I am making my app dpi-aware per monitor by setting <dpiAware>True/PM</dpiAware> in the manifest file. I can verify with process explorer that this is indeed working or by calling GetProcessDpiAwareness.

This is all working fine and I can scale anything in the client area fine in my code. However, my only problem is that if I drag my app from a system-dpi monitor to a non-system dpi monitor, the title bar and any system menu would either become too big or too small. This isn't the case for most built-in apps (e.g. calc, edge browser, etc..) so there must be away to scale it properly. Does anyone how the devs at MS did this?

The screenshot below should explain my problem better. Also notice, that the padding between the close, min, and max button is different when it's scaled (96dpi).


Sample app I'm attaching a very simple app that is per-monitor dpi aware.

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    What does your per-monitor code looks like? Handler for WM_DPICHANGED? – David Heffernan Aug 3 '15 at 7:42
  • Is your app a universal application? Both calculator and Edge are – melak47 Aug 3 '15 at 7:47
  • @melak47 It isn't a universal app. This is an old app - just wanted to make it scale properly on all my monitors. Do you think windows would scale the title bar if it is a universal app? – Dealdiane Aug 3 '15 at 7:55
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    Hmm.. ok. I'm not sure how you can call it off-topic but here's an off-the-shelf scaffold with the dpi-awareness code that I'm using. The code that sets the dpi-awareness is in wWinMain (not in manifest). WndProc handles WM_DPICHANGED as well but doesn't do anything. You can verify the dpi-awareness of the app using process explorer (the app runs its own verifications too) – Dealdiane Aug 3 '15 at 10:07
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    ok done. afaik, the sample app is pretty much standard but I hope people would find that relevant. – Dealdiane Aug 3 '15 at 11:30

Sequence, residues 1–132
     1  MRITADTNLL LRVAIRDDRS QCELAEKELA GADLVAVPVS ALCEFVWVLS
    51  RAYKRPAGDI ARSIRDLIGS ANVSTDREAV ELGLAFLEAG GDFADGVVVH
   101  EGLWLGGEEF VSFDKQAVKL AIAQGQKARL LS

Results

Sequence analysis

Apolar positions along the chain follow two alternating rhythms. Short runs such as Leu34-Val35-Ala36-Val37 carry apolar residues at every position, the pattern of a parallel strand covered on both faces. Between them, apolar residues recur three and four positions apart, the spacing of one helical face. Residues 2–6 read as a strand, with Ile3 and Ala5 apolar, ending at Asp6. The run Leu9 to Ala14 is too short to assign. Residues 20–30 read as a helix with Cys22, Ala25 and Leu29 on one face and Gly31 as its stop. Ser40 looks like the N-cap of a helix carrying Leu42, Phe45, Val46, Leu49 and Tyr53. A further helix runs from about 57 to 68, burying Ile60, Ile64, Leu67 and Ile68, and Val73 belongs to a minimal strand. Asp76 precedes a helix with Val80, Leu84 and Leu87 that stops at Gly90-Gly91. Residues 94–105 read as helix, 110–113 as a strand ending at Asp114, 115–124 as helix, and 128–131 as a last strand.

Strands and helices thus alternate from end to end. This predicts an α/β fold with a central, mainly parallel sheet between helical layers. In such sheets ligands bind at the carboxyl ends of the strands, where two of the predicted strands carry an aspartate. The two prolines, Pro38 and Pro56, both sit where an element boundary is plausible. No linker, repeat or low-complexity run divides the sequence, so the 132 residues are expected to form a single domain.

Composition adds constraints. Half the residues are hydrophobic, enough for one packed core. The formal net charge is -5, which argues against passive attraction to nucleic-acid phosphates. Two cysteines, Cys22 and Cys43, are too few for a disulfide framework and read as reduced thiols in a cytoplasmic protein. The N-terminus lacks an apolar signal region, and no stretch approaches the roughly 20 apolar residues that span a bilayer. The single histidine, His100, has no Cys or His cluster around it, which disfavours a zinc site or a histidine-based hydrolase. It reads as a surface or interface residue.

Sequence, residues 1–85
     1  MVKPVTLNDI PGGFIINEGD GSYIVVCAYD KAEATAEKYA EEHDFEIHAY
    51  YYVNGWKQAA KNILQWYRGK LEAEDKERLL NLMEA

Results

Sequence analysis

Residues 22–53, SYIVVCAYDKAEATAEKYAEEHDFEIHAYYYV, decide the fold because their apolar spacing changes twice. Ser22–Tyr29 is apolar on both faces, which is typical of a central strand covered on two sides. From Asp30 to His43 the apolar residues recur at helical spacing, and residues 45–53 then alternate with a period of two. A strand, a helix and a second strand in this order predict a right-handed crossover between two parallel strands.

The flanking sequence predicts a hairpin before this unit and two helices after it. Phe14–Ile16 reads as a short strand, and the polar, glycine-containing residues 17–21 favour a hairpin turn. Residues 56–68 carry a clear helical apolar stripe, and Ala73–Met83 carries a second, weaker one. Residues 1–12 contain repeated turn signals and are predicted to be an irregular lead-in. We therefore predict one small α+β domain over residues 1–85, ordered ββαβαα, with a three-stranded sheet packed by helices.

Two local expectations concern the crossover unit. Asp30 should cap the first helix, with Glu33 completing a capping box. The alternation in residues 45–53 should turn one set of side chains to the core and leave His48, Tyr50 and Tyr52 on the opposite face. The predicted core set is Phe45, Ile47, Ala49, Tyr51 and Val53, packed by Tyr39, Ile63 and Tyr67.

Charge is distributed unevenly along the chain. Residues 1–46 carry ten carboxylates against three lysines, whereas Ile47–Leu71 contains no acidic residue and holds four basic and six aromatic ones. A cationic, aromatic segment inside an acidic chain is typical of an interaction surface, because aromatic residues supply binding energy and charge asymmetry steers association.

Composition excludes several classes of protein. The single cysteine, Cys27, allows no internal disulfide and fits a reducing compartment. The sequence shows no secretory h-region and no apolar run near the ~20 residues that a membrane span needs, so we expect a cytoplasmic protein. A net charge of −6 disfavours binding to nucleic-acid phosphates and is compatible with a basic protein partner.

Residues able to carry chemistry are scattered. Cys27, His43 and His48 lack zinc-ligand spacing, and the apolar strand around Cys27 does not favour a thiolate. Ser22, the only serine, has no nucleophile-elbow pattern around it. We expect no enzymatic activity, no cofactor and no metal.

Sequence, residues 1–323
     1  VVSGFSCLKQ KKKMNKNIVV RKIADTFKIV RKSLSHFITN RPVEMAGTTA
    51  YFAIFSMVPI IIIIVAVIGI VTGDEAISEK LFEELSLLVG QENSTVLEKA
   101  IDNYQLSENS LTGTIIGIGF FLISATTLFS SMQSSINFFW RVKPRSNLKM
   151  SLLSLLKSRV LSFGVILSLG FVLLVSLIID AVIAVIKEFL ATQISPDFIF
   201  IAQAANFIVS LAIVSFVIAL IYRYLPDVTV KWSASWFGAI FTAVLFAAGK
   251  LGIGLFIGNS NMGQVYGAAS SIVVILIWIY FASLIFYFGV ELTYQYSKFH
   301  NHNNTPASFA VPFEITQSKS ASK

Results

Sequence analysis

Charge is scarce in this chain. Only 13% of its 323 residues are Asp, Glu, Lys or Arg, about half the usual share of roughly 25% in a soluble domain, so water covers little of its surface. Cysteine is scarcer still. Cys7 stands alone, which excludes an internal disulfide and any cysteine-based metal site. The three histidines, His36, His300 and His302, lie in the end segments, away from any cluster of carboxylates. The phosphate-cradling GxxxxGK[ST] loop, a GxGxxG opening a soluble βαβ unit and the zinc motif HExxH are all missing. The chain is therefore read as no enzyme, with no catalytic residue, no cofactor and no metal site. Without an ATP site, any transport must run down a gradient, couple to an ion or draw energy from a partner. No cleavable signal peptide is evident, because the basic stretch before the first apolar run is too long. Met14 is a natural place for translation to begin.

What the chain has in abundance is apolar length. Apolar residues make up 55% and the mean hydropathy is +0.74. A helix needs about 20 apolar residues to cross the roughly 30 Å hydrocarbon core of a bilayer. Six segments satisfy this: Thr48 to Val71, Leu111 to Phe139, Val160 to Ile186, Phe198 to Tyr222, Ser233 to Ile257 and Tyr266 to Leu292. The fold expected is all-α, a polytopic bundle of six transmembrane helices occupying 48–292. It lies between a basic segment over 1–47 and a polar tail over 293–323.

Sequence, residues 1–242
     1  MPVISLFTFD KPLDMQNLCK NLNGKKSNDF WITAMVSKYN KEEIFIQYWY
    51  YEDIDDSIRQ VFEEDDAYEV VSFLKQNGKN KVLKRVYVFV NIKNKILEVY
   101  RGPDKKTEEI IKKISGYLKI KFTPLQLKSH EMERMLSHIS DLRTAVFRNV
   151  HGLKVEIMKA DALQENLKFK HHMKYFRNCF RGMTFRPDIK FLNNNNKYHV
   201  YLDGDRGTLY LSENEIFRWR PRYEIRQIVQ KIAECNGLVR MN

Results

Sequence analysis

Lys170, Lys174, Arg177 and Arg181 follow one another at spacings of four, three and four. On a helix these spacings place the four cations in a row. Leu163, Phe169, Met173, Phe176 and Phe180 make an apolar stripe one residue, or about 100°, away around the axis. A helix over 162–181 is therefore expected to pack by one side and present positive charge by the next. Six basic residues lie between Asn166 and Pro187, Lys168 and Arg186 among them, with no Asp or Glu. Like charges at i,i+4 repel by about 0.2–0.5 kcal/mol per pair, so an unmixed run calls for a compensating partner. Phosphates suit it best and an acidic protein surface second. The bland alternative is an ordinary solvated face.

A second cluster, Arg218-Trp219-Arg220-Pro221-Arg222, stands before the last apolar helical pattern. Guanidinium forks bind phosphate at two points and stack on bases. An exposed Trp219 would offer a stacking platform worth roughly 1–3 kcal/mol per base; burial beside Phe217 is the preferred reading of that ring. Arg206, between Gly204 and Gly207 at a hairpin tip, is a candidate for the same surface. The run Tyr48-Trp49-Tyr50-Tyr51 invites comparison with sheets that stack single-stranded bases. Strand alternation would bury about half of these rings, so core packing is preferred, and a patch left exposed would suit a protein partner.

Does anyone how the devs at MS did this?

This has a pretty disappointing answer. Using Alin Constantin's WinCheat and inspecting the top-level window of Calculator, I see a window size of 320x576, and a client size that is also 320x576.

In other words, Microsoft entirely avoids the problem by suppressing the non-client area of the window, putting everything in the client area instead. Making this work well for you may involve custom drawing of the title bar.

Something worth noting is that Calculator and e.g. Windows Explorer don't use the same colour for the title bars. Calculator doing custom drawing of the title bar would explain that perfectly.

  • Thanks. That's exactly what I was worried about though. I actually don't get the reasoning behind this. If they fixed this the proper way in win10, everyone would've benefited from it. – Dealdiane Aug 3 '15 at 22:35
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    @hvd "cmd.exe" is unaware but spawns "conhost.exe" which shows up as per-monitor aware in procexp. It scales perfectly (on 100% and 200% DPI). The run-dialog also scales perfectly, but run an invalid program from it and it brings up an unscaled message box. Press the Find button and it'll bring up a perfectly scaled open file dialog. WTF. I realize cmd and run-dialog are probably very special windows, but the behaviour isn't easily explained by rendering everything on my own in the client area. – Jabe Sep 18 '15 at 14:52
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    @jabe is right -- conhost is the only app I've seen that actually does its per-monitor DPI scaling 100% correctly and with a regular non-client area. Even the console options dialog scales correctly. – josh3736 Apr 22 '16 at 18:18
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    Trying to decide whether I should bounty this question or write a new one of my own. hvd, I like your answer, and I think it's correct as far as it goes, but it doesn't go quite far enough. As pointed out in other comments (see in particular mine above), the bog-standard Win32 Run dialog gets this right. As far as I can tell with Spy++, it is not owner-drawing its non-client area, and I very much doubt that the shell team has subclassed the Browse dialog that Run launches to owner-draw its title bar. So there must be some reasonable way of doing it. They can't have been total idiots. – Cody Gray Apr 24 '16 at 14:15